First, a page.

Welcome to the house of funds

It may be the last thing you would consider, but remortgaging your house is one of the best ways to save money and give your finances greater flexibility.

Saving readers as much as £5,000 a year is the aim of
The Independent. The figure may sound implausible, but the enormous savings achievable through remortgaging a home could certainly provide a valuable kick-start towards this target.

Saving readers as much as £5,000 a year is the aim of The Independent. The figure may sound implausible, but the enormous savings achievable through remortgaging a home could certainly provide a valuable kick-start towards this target.

What is bizarre is how few homeowners take advantage of these opportunities - just 29 per cent of last month's home loans were remortgages. Clearly many borrowers' believe the savings are not worth the perceived trouble, but the actual difficulties are not great and the possible savings are substantial.

Steve Herbert, a partner at Select Mortgages and Loans, was last week arranging a £289,000 remortgage, having obtained a 2.1 per cent discount against the standard variable rate from Bristol & West over the next 18 months.

During that period this will save the homeowner £9,103 - and as there is no tie-in commitment, the borrower is free to shop around for the best deal again at the end of the term. The only cost to the homeowner is a solicitor's fee to arrange the mortgage transfer, at a cost of £400. There are no valuation or completion fees payable and the broker is paid by commission from the lender. If similar deals can be extended across the life of the loan, the borrower stands to make a total saving over 20 years of £91,000.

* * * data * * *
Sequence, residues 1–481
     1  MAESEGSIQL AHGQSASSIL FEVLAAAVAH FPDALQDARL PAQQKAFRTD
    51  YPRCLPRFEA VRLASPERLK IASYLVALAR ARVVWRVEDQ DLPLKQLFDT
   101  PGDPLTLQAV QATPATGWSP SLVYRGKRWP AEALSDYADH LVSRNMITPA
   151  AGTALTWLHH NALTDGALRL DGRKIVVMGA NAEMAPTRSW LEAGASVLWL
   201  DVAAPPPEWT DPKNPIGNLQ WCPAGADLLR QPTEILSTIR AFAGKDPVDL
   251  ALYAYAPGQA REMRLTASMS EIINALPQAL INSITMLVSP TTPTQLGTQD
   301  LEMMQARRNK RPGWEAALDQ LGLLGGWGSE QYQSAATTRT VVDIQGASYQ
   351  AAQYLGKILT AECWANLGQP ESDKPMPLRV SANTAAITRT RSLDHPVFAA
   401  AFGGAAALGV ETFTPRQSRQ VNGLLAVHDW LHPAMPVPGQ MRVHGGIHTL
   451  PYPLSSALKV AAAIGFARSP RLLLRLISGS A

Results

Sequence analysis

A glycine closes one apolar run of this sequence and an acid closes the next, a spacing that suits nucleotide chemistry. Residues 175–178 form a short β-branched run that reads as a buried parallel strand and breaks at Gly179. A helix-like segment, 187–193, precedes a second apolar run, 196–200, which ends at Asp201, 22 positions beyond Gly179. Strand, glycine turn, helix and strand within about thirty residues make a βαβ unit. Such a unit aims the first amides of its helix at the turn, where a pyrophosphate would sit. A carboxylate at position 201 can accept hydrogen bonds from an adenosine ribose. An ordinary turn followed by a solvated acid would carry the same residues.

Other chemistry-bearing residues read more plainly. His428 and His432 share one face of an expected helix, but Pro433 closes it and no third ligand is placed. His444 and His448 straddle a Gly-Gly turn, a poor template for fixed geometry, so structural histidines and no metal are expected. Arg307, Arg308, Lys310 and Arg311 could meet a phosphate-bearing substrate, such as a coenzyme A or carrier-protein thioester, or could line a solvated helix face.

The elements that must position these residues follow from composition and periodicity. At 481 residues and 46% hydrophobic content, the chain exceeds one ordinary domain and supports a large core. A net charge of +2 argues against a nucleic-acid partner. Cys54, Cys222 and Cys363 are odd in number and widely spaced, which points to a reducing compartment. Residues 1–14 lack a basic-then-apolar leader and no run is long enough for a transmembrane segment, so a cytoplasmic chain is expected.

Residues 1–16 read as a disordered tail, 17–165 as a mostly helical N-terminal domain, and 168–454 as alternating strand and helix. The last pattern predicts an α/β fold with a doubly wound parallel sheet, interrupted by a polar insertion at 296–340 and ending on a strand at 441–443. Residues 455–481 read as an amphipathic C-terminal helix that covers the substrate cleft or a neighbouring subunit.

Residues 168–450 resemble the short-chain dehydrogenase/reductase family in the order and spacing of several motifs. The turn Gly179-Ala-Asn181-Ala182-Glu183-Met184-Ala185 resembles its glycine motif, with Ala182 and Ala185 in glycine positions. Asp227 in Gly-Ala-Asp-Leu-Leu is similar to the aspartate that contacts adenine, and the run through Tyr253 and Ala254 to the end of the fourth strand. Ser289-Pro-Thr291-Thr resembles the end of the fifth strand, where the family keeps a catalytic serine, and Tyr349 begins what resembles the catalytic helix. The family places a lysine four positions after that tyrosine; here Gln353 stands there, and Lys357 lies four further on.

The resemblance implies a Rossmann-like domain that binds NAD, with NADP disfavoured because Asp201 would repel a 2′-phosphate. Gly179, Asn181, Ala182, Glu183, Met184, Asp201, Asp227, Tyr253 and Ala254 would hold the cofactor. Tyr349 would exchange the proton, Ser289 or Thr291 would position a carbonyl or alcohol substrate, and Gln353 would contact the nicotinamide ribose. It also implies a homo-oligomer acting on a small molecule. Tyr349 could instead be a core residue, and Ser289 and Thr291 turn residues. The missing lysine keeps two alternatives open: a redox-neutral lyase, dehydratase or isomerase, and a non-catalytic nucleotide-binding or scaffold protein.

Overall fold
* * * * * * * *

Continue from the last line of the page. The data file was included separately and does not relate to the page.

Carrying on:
"The way to play the game is to look for a deal with no tie-in and no costs," says Mr Herbert. "Go into that, take the discount for a couple of years, then jump ship and find another deal. We have thousands of clients moving from one deal to another."

Among the deals currently available and recommended by Mr Herbert is another mortgage from Bristol & West - offered exclusively via The Mortgage Operation - with a 3.5 per cent discount for the first year and 1.6 per cent for the second. While there is a tie-in, this ends just 15 months after completion of the discount period, with a sliding-scale penalty for moving during that time of between 3 and 5 per cent of the amount repaid. There is a £99 submission fee and a £100 completion fee, but with two year savings on a £100,000 loan possibly in excess of £5,000, these are worth paying.